East Villagers have a new place to score rainbow-sprinkle cream cheese for when they just can’t with the lines at Tompkins Square Bagels. Newcomer Bagel Belly opened Saturday and serves what are touted as “freshly baked, hand rolled, kettle boiled organic bagels and handcrafted cream cheese” alongside a variety of soups, salads, sandwiches, panini, and wraps. The menu (below) claims the bakers get up at 4 a.m. every morning to do their thing.
You couldn’t avoid bumping into falafel in downtown Manhattan even if you tried. Mamoun’s, Mimi’s, and Hummus & Pita Co. are just some of the hummus slingers that have recently expanded their footprints to satisfy your chickpea-centric cravings. Joining this cadre is Moemen, a new Middle Eastern/Mediterranean shop on Allen Street, which opened last Thursday and is serving up all the usual suspects: falafel, shawarma, koefte, hummus, chicken kebab, baba ganoush, and more.
Enter the basement of 294 Broome Street and you’re faced with a row of lockers and “mug shots” under bright lights. Jail cell bars open into a sparse studio with a graffiti mural of two figures escaping through a barbed wire fence. It almost feels like the police are about to take you in for questioning. Instead, this is where ConBody trainees “do the time” with prison-style bootcamp workouts.
The decorations are more than a gimmick. It was in solitary confinement that Coss Marte first dreamed up ConBody. He saw it as a chance to transition from busted drug dealer to a legitimate entrepreneur, helping provide jobs to other former inmates in the process.
Metrograph officially joined the ranks of New York’s great independent cinemas when it opened its doors to a line of eager filmgoers today. With a decor that coyly mixes throwbacks to glamorous Old Hollywood with the industrial chic favored by today’s L-train types, the theater’s small team and highly curated programming will likely please both the cinephile who feels that French New Wave just isn’t getting enough attention these days, and those who simply want a chance to finally watch The Blob in 35mm.
Bar Omar, a new addition to Williamsburg’s bubbling culinary landscape, is a French-Algerian restaurant that forgoes the stereotypical Moroccan-style lamps and ornamental plates in favor of what co-owner Yasmina Guerda says is a “Brooklyn aesthetic”: natural wood paneling, a well-stocked, speakeasy-type bar, and a window-paneled front looking out onto Grand Street.
It was one of the last vestiges of a bygone Williamsburg– a grungy, cavernous little coffee shop with worn-down wood floors and a lifetime of coffee grounds seemingly plastered onto every surface. Verb Cafe, which opened in 1999, was nothing fancy– no one went there to get a pour-over or fawn over bespoke beans with tasting notes. But when the place closed in June 2014, there was more than a bit of sadness (which was compounded when life imitated every joke ever told about Brooklyn hipsters and the coffee shop was replaced by an artisanal soap boutique with handmade, organic cupcake soap).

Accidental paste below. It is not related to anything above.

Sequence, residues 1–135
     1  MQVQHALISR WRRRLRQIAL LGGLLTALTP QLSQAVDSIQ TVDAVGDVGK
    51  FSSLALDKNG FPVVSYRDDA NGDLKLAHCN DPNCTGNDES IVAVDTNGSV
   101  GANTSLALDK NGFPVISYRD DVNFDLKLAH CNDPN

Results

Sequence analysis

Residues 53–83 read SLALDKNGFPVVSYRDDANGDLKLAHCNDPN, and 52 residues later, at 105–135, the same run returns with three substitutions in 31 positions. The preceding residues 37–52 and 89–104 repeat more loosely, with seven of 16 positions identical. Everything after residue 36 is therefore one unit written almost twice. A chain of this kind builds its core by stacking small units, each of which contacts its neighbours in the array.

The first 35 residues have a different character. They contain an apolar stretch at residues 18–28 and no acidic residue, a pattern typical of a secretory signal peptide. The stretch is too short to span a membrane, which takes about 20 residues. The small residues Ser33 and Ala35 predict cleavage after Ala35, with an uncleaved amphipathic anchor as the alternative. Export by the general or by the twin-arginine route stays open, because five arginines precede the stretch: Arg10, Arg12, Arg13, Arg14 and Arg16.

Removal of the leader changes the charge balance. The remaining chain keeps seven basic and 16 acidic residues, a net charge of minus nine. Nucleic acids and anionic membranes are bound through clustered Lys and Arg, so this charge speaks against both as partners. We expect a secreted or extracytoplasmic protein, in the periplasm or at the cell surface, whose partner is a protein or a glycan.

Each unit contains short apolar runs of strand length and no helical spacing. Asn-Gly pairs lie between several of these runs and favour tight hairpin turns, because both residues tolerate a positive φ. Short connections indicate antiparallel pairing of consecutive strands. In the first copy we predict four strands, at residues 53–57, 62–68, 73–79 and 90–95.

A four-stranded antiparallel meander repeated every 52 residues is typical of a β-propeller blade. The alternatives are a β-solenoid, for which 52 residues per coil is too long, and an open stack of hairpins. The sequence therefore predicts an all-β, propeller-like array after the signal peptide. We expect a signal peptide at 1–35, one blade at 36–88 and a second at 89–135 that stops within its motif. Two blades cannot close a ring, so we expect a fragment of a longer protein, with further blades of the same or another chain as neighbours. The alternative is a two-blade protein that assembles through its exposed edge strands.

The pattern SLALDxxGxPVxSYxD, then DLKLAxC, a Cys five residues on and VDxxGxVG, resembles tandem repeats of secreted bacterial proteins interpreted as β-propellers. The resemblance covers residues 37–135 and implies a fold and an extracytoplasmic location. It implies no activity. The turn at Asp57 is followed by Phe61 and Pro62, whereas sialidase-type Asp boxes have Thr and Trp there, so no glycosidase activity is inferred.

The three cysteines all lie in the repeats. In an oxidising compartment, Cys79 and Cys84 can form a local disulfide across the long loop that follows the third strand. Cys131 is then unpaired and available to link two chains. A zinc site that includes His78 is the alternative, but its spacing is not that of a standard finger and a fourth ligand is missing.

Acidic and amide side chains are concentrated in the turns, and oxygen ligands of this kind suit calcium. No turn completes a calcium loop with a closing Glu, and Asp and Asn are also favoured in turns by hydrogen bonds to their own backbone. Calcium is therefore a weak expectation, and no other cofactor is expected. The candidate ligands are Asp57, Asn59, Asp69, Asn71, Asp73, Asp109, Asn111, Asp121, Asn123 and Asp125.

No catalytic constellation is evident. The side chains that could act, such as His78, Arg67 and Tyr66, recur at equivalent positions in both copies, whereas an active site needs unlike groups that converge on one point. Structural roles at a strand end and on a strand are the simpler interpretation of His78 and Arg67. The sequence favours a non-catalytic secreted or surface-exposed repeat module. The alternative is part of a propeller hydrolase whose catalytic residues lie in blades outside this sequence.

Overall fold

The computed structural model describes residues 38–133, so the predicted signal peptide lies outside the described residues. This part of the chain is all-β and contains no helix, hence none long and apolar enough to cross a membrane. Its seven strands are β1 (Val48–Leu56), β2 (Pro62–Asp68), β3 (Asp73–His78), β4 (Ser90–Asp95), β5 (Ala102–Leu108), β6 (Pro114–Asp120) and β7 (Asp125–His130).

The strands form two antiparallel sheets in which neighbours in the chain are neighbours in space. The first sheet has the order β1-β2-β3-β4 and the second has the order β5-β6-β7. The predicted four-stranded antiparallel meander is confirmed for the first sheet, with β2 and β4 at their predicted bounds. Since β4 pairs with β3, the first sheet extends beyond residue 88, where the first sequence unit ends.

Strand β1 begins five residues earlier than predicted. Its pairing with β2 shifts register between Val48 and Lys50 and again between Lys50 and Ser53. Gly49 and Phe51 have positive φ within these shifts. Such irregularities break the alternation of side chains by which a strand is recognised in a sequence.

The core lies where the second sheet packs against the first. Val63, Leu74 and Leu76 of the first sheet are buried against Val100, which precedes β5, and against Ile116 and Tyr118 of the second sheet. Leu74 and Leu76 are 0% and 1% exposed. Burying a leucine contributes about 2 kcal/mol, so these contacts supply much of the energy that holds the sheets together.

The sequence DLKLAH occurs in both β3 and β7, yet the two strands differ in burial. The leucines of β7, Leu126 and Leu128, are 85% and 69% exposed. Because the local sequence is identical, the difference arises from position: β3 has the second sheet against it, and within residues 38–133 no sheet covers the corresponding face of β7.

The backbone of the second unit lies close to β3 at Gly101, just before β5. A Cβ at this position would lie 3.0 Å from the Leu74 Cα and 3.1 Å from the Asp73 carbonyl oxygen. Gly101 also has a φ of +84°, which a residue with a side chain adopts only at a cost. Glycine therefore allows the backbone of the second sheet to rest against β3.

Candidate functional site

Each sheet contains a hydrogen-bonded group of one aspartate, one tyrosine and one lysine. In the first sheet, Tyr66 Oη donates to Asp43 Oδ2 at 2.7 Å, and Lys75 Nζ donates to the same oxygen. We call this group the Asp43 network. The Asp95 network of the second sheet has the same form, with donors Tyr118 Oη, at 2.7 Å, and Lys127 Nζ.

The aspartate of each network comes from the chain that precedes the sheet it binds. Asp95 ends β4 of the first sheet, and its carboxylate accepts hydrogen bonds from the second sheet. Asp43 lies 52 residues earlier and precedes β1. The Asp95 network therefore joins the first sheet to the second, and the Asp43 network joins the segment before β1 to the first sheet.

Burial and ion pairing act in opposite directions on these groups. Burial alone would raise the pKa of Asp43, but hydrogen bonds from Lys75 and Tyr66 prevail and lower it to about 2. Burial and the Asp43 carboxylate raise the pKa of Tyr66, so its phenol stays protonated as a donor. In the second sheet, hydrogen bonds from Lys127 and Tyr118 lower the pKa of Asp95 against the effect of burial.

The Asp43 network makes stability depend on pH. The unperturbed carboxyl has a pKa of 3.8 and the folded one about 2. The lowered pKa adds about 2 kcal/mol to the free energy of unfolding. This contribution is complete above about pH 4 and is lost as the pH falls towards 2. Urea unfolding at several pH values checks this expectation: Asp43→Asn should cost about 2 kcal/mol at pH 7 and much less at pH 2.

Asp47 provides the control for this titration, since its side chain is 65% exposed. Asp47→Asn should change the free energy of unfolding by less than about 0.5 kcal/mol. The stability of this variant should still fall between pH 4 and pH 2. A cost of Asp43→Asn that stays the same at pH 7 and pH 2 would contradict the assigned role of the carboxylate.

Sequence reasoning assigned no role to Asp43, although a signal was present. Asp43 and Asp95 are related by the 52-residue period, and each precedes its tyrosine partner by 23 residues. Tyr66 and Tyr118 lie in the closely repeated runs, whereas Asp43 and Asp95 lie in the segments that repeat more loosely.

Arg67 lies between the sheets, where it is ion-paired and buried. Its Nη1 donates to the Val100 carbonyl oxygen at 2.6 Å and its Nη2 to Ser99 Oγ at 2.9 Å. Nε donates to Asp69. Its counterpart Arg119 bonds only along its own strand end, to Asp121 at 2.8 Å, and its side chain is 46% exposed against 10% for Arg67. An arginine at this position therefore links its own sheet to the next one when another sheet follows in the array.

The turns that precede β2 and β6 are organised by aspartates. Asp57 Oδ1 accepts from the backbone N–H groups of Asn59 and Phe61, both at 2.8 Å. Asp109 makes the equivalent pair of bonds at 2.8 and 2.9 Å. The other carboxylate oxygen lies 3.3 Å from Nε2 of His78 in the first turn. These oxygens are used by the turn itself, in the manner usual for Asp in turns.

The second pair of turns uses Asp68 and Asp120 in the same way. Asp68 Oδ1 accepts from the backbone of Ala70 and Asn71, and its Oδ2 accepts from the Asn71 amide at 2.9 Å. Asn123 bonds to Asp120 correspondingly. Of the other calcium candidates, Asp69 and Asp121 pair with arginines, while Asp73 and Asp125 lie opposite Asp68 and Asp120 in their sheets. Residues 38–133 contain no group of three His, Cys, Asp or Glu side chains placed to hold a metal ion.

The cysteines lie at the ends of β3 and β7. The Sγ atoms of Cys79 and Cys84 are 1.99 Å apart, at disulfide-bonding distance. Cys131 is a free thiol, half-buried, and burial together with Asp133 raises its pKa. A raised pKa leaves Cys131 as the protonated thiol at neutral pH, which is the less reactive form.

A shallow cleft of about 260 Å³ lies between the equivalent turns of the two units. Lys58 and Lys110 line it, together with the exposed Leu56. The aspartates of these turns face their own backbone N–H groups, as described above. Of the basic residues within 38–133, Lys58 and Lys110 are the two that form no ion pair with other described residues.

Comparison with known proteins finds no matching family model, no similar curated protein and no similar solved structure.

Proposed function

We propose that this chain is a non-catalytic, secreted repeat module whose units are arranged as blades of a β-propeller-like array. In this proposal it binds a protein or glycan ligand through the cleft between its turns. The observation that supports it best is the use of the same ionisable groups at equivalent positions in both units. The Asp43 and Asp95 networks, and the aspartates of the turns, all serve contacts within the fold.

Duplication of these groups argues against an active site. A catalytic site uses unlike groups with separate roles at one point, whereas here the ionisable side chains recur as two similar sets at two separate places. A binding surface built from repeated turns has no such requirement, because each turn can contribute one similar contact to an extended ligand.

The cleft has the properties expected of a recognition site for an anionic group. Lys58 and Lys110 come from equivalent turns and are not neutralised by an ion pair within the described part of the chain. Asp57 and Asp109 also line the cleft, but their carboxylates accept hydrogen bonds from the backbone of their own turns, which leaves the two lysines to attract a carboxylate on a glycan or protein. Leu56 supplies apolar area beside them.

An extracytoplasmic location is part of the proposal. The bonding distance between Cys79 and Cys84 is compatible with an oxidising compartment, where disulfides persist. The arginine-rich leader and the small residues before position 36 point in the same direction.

You’re going to have to suck in and ruffle a few feathers to squeeze into this tiny new wine bar-resto — Ruffian‘s space is snug. But if you manage to snag a seat at the bar without elbowing someone, you can breathe a sigh of relief– and, while you’re at it, breathe in the garlic sizzling on the stove in front of you.
It’s not like we need more pizza in North Brooklyn, we’ll admit that. We’ve got a healthy mix (well, at least we like to tell ourselves that pizza is healthy), what with an incredible slice crew that counts Best Pizza, Motorino, and Roberta’s amongst its ranks. But the Greenpoint / North Williamsburg area is a different story– go much farther north than McCarren Park, and you’ll find yourself in something of a Neapolitan pizza desert.
It couldn’t have been a more perfect night for stopping into The Bad Old Days, or maybe there’s no better bar for a rainy night. Either way, immediately after walking into this brand new bar in Ridgewood I felt like I was in some kind of geothermal beer womb. Warmth radiates up from the wooden floorboards and out of the living room lamps, and half-curtains hug the tall windows, shielding boozers from the depressing weather outside. If you need a new winter bar, here’s a stellar contender.
Agathe Snow, whose work often blends performance with immersive multimedia installations, is opening a new show, Continuum, tonight. This is the Corsican-born artist’s first solo exhibition at Journal Gallery in Williamsburg. Snow is the ex-wife of the late Dash Snow (they married when he was just 18 years old) whose pal Ryan McGinley has some new photos up, incidentally, in a show called Winter at Team Gallery.
Last night the mask-wielding artists of the Bruce High Quality Foundation opened up the doors of their epic new studio space in Sunset Park. The excuses were a party and an exhibition featuring work inspired by French Baroque painter Nicholas Poussin’s landscapes, while the reason was fundraising for the Bruce High Quality Foundation University (BHFQU), an experimental, non-profit art school that offers free classes and an alternative to the MFA by separating art from careerism. Come January, BHQFU, which has had a home base in the East Village since 2013, will move its operations here to Sunset Park.
In many ways, Williamsburg’s newest venue couldn’t be more different from the (mostly) defunct DIY show spaces (bar/art-galleries and dingy old warehouses) that once lined the waterfront area. (Cameo, at least, is still here — for another month and a half, anyway). That’s because National Sawdust is a refined concert hall, a serious non-profit institution with powerful and moneyed supporters plus a leadership of established talent tapped directly from the music and art worlds.